Reports of Palestinian civilian casualties during Israel’s Operation Protective Edge are known to lack objectivity because they are provided by Palestinian sources, which have incentives to exaggerate total numbers and misclassify combatants as civilians. Reports from the BBC and New York Times utilize simple statistical methods to show that misclassification is almost certain to be endemic, rendering these reports both meaningless and deceptive.
Category Archives: Foreign Governments
Regulation without Enforcement Is No Regulation at All, Part 3:
New York, US, and UK regulators are not on the same page
The Wall Street Journal’s Liz Rappaport, Max Colchester, and Damian Paletta report (subscription) that federal regulators are trying to quickly come up with a unified position with respect to Standard Chartered Plc, the British bank that New York State regulators say engaged in a 10-year long conspiracy to hide transactions with the government of Iran.
The bank denies the charges and has been ordered to appear on August 15 to respond. According to the Journal reporters, the debate seems to be about how much money the bank must pay (and perhaps to whom) to settle the charges, not whether the charges are valid.
Regulation without Enforcement Is No Regulation at All, Part 2:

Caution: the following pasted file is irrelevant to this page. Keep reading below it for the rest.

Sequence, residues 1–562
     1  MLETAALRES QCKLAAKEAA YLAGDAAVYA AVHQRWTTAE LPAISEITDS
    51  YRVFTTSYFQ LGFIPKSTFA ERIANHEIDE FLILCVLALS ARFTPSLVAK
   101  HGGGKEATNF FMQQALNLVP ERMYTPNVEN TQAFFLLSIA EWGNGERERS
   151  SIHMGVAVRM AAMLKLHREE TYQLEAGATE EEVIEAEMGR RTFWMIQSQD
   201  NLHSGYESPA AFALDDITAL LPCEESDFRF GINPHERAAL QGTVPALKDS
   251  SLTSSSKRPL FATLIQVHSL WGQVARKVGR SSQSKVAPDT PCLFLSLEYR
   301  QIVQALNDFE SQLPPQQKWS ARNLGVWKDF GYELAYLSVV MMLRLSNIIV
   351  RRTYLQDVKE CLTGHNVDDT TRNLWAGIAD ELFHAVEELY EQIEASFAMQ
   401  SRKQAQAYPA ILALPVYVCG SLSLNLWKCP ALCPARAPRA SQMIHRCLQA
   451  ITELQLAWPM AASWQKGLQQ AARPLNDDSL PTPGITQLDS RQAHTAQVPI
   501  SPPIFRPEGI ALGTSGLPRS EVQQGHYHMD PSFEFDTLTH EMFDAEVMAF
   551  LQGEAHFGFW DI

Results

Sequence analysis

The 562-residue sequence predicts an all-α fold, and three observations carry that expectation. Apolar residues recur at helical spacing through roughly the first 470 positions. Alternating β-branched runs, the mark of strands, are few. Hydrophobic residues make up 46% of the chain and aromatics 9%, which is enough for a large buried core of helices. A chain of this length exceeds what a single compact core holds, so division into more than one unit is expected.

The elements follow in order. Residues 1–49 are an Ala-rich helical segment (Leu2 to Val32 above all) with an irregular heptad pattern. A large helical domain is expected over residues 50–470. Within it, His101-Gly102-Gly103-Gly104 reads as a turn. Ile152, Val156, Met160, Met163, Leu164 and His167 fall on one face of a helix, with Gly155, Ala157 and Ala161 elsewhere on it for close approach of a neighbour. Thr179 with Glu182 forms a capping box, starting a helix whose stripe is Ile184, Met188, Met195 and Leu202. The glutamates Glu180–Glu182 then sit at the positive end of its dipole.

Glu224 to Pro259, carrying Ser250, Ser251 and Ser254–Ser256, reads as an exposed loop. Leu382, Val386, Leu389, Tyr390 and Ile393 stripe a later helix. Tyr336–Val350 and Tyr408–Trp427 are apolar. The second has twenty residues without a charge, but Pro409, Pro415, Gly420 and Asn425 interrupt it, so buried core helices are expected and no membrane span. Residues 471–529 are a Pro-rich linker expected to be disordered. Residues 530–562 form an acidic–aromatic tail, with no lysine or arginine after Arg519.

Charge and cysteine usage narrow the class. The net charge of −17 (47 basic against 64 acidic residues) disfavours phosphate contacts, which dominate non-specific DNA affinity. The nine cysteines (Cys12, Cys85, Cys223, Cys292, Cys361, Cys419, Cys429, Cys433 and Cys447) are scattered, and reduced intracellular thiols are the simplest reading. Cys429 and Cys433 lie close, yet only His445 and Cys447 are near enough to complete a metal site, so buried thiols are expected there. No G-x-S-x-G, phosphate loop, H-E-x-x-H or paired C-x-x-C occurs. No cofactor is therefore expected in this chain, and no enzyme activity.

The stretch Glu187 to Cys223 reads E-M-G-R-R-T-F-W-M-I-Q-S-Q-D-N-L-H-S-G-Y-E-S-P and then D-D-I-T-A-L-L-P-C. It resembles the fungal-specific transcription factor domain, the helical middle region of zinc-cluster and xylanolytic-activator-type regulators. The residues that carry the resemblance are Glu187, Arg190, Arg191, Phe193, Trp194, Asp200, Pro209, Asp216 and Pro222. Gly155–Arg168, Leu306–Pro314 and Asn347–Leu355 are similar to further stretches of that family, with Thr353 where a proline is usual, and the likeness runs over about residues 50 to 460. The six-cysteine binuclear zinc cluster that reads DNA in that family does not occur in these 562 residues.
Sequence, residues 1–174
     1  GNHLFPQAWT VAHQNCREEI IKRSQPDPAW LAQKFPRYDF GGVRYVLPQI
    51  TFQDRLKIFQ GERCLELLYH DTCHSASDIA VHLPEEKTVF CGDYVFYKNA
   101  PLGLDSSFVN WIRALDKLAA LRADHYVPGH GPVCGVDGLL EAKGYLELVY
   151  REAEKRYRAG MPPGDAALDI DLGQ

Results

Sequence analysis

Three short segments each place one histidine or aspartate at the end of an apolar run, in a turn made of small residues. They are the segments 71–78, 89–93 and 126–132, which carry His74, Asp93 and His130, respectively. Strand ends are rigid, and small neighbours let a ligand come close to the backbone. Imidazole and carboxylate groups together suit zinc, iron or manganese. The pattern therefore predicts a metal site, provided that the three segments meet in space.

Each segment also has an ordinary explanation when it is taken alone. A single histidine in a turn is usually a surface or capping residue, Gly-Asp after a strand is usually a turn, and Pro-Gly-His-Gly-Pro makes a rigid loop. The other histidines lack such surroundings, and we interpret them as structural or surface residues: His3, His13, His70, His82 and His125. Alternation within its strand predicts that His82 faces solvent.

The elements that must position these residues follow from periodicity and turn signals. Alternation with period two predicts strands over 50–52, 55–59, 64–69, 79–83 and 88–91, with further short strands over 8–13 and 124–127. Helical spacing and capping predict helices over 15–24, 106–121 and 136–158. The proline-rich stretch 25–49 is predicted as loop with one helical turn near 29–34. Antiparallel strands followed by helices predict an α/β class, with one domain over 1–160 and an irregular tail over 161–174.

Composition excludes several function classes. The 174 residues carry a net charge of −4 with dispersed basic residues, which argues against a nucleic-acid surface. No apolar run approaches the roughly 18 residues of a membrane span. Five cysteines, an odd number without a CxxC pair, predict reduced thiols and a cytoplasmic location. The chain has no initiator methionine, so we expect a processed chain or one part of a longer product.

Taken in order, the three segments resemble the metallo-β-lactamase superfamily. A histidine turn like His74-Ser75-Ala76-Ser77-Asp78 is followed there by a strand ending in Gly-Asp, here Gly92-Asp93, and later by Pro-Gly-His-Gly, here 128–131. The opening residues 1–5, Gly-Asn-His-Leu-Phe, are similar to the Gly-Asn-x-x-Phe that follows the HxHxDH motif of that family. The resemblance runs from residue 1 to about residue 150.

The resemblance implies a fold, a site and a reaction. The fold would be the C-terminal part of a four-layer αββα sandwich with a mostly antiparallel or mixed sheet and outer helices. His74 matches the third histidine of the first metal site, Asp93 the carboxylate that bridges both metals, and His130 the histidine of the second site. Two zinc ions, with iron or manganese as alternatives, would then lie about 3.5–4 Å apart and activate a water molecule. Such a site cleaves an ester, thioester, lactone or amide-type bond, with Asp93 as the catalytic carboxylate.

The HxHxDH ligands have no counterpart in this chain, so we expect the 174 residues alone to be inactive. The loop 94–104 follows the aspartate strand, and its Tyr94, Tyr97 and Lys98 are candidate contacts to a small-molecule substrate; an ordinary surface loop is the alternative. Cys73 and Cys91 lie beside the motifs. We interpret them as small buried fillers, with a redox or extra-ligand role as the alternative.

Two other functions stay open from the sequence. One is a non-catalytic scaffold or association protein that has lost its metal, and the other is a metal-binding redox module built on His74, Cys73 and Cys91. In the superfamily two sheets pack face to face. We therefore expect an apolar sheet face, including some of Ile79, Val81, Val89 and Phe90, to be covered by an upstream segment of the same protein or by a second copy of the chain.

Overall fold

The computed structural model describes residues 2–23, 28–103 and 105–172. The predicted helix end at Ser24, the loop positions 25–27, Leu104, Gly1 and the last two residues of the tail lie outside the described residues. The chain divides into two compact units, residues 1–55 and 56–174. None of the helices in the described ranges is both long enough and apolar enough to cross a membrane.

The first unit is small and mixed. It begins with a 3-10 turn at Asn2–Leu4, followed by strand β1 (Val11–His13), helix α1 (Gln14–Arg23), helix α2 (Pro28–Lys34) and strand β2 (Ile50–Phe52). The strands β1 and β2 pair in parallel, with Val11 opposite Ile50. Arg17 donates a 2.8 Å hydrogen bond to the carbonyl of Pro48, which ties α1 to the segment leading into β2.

Standard Chartered plc denies wrongdoing, stock price partially recovers
We posted on August 6 about the order issued to Standard Chartered Bank by the New York State Department of Financial Services, alleging that its US subsidiary had “schemed with the Government of Iran and hid from regulators roughly 60,000 secret transactions, involving at least $250 billion, and reaping SCB hundreds of millions of dollars in fees.” In response, Standard Chartered “strongly rejects the position or the portrayal of facts as set out in the order.”
This statement is reprinted in full below. It contains highly relevant (and highly technical) information that the NYS Department of Financial Services did not mention.
The UK’s Royal College of Pediatrics and Child Health Opines on How Not to Discipline Children
The smack is out, ‘reasonable chastisement’ is in
Rebecca Smith and Martin Beckford of the Telegraph (UK) tell us the British experts have concluded that smacking (i.e., spanking) children for misbehavior doesn’t work and is equivalent to physical assault. They quote RCPCH president Prof. Ternce Stephenson as saying, “Children should be provided with the same protection against physical assault as adults, and aside from being unnecessary, smacking is generally a very ineffective deterrent to ‘bad’ behavior.”
“Smacking is too often seen as the easy option – sadly as paediatricians we see all too often today’s smack becomes tomorrow’s punch.”
Parents could previously use “reasonable chastisement” to discipline their children, but the law was tightened under Labour in 2004. The new definition prohibits any force that causes “reddening of the skin”.
As the eyes of the world focus on Egypt, Western news media appear to be following events the same way they would follow a US election — as a horse race. Who is up? Who is down? What to the experts say? What do the polls say?
News reports say Egyptian President Hosni Mubarak has resigned. Apparently, the constitutional procedure for succession is not being followed, and instead there has been a coup.